By Deb Patterson
SYRACUSE — Formal discussion has begun to combine Milford Middle School and Wawasee Middle School into one facility.
Superintendent Dr. Steve Troyer alluded to the pending discussion in a newsletter emailed out to parents last week. He officially started the discussion with a presentation to the Wawasee Community School Corp. Board of Trustees Tuesday evening, Aug. 9.
“It is really important to get on the table right now and just be honest and upfront about this. I’ve had a lot of people ask me about ‘Hey, you’re going to close the school at Milford’ and the answer to that is absolutely not. We have no plans and I would say that the board, I’ve never heard plans from the board, for any decision related to closing the school at Milford. Our intention is there will be a school in Milford and there will be a school in the town of Milford for that matter,” Troyer said.
Low enrollment at Milford Middle School affecting the academic possibilities for students is the main reason for the discussion to begin. Approximately 148 students are enrolled at MMS to begin the 2022-23 school year, with over 500 students at WMS. He stressed the reason was not financial but educational.
During his presentation, Troyer stated there has been discussion at length for many years of combining the two middle schools for various reasons. Troyer feels it is time to “take a hard look at the reality of Milford Middle School continuing.”
Troyer stated with the low enrollment it is hard to offer a full middle school experience at Milford.
He had spoken with teachers at MMS at the end of the last school year indicating it was time to have “pretty serious conservations about what we’re going to do with Milford Middle School and what would be the considerations that we have to really think about, plan for and run through if we are going to in fact look at combining the middle schools.”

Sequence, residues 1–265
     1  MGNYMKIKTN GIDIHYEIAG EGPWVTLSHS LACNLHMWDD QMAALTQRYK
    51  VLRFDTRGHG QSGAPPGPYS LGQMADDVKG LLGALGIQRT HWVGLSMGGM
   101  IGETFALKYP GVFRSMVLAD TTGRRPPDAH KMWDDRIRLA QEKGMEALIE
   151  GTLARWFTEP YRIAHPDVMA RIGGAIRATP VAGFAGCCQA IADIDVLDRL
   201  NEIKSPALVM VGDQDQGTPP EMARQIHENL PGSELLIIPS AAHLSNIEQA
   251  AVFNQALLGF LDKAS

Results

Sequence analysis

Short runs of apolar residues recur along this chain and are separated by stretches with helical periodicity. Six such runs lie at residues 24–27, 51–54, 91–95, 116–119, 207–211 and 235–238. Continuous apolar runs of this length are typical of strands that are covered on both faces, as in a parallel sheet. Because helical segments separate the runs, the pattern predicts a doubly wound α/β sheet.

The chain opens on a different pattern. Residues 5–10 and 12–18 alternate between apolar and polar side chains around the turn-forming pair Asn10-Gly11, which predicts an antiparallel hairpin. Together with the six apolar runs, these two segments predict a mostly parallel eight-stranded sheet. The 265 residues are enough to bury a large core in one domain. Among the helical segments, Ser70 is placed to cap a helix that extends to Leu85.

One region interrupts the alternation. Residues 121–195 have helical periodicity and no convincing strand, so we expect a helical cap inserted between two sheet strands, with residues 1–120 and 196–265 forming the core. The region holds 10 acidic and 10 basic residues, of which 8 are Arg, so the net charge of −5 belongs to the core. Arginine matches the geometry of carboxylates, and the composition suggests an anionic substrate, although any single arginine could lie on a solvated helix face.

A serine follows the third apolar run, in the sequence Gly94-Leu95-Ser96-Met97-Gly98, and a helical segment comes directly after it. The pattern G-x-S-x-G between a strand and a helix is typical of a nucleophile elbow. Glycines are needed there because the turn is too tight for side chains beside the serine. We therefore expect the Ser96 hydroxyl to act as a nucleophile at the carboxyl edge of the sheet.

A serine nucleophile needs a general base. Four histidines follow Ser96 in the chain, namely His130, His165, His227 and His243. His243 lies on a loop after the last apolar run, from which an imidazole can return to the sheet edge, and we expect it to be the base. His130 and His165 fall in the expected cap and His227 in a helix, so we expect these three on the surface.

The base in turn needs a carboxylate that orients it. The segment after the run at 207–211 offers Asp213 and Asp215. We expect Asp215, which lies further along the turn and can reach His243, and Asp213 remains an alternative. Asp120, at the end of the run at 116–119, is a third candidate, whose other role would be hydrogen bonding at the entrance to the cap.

He admitted the district is spread out, which presents a challenge as there is no real direct route between Milford and WMS. “There are challenges to take a look at … There’s a lot of details we have to figure out, plan for and identify if we look at moving forward as a viable option.”
He stated due to the low enrollment at Milford, educational programming at that school is beginning to suffer. “We can’t offer the same things, experiences, access to programs we have at Wawasee Middle School. This is a big disservice to our students.”
Troyer proposed that over the next couple of months he along with the district leadership team explore the problem formally and put together real “what ifs” and begin to address the real possibility that it is something that needs to be done at the beginning of the 2023-24 school year.
He also addressed comments that once the middle schools were combined a new school would be built halfway between Milford and Syracuse, stating he has never heard this from the board. “The board values having a building in that town. It may just be a K-6 or pre-K to five instead of K through eight.”
Community conversations are planned for October to get the information out to the community. “It is important to us to really communicate well with the community.”
He said he’d like to see a recommendation presented to the board by early December.
“I would make a recommendation for you to consider and that would be a recommendation for the following school year,” he said.
Don Bokhart, board president, requested Troyer provide specific examples of how educational programming has been affected by the loss of students.
Troyer gave two examples. One example was eighth grade math. He said out of 50 students, which is the number for several middle school grade levels, there are 15 students ready to take algebra in eighth grade, while the remainder are ready for regular math.
This would call for a split to two math sections. One would have a very small class while the other would be a large class. “This puts students at a disadvantage.” He also referenced several years ago when geometry was offered for eighth graders. MMS could not offer an in-person class due to less than five kids interested and in one instance several students transferred to WMS so they could take the course.”
Project Lead The Way was also discontinued at Milford not only due to staffing issues but also not enough kids to support a full time teacher. “When you have a building with 500 kids maybe you have 25-30 kids in a class, but when you have grade levels of 50, it is just so much more challenging to offer similar offerings,” Troyer said.
“Part of the community conversation the last time it was discussed was Milford was going to be more of an ag-focused school and WMS engineering-focused. Those are things that I don’t feel great about, not being able to have students have access to the same program because of where they live. … It’s not fair to the kids.”